Recovery nutrition: could chocolate milk be the ideal option?

 

Athletes who aim to get stronger with each quality workout know the importance of recovery nutrition. A recovery nutrition plan is particularly critical after a long or intense training workout. Minutes/hours after a session, your body’s blood flow to the muscles is greater and presents a window of opportunity to fuel, restock energy, and repair working muscles. Recovery nutrition becomes even more essential for athletes who train twice a day or have a limited amount of time (6-24 hours) to recover.

Recovery Nutrition: What Do You Need?

The ideal recovery food/beverage contains carbohydrates to restore glycogen (muscle’s energy source), essential amino acids to promote muscle protein synthesis/repair, and fluids to rehydrate. The number of recovery drinks on the shelves is endless, but is there a comparable drink that you could find at a fraction of the price and also look forward to drinking?

The Research Is Sweet.

The answer is sweet: low-fat chocolate milk. Studies have been conducted on chocolate milk as a recovery drink and not only did athletes perform well, they performed better compared to other formulated sports recovery products. Low-fat chocolate milk has an impressive nutritional resume for recovery. It contains an ideal carb to protein ratio of 3:1, both slow (casein) and fast (whey) digesting proteins for quick and sustaining protein fuel, and important vitamins and minerals that American’s diets tend to fall short in: calcium, vitamin D, and potassium. Some might say the only real difference between chocolate milk and a recovery drink is the cost. Even with selecting a higher priced organic milk, you would still pay 50% less compared to most formulated products.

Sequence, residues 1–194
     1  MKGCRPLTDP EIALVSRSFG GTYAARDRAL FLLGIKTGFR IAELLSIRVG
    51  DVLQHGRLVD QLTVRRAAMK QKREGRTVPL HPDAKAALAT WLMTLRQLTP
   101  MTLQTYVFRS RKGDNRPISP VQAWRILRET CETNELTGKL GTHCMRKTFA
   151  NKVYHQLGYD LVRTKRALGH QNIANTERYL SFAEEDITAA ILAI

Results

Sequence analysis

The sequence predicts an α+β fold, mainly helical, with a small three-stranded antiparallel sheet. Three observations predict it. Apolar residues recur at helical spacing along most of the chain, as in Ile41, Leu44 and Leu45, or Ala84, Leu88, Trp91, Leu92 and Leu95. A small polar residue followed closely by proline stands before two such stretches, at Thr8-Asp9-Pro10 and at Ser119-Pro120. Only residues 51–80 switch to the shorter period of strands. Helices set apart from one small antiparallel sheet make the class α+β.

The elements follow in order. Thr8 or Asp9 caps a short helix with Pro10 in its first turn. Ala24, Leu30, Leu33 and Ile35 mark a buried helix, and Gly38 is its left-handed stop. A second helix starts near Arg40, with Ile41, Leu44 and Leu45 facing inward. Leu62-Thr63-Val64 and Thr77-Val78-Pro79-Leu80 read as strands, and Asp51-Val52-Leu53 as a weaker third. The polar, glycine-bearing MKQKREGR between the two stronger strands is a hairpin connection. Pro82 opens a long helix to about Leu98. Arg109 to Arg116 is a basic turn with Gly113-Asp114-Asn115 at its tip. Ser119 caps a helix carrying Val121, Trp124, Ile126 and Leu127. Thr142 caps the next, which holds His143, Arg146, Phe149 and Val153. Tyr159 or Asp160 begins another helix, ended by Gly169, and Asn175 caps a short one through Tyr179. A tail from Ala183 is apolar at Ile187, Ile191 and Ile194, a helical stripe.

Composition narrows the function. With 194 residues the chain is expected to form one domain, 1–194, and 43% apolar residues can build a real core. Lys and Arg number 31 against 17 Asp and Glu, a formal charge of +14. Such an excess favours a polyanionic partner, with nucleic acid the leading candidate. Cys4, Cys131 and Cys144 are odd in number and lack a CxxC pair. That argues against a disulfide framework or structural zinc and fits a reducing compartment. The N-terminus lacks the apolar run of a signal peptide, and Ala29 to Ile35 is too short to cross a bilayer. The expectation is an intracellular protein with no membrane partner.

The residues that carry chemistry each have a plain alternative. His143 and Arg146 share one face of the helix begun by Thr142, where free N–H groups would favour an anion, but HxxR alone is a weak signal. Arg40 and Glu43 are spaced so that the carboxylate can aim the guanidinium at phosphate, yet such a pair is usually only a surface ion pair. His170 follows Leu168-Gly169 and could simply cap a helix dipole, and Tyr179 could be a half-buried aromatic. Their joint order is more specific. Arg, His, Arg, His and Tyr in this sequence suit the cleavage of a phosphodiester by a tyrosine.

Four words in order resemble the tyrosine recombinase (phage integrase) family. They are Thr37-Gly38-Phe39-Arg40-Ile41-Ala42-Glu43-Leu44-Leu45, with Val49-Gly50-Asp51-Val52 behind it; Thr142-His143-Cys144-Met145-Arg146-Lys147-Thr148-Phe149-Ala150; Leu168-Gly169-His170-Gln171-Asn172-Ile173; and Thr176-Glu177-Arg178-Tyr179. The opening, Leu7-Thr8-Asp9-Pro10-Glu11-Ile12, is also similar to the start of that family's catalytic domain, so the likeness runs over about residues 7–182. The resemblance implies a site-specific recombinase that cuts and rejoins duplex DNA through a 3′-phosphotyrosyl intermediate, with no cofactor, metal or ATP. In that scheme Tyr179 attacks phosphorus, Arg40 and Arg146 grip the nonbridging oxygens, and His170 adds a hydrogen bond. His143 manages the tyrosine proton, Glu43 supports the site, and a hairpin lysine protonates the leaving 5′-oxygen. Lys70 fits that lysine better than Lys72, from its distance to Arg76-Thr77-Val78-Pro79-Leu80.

Other Recovery Nutrition Options:

In the end, most formulated recovery drinks are a perfectly suitable beverage, and may be more convenient at times than something like refrigerated chocolate milk. Chocolate milk is not going to be appropriate for athletes with lactose intolerance or sensitivities. As a sports dietitian, I recommend that my athletes drink about 10 oz. of low-fat chocolate milk after a hard/long workout to obtain 200 calories, 10 grams of protein, 33 grams of carbohydrate and 3 grams of fat within 30-45 minutes.

So go ahead, and sport that chocolate stache!

Check out our sports nutrition services for more personalized recovery nutrition advice.

Jennifer McDaniel

Jennifer McDaniel is a Registered Dietitian, Media Spokesperson, and co-author of Prevention's Mediterranean Table Cookbook. She and her team of Registered Dietitians aim to help their clients go further, make change last, and unlock their potential. She lives in St. Louis, MO with her husband, and three young sons. If you are interested in working with Jennifer, please visit our contact page.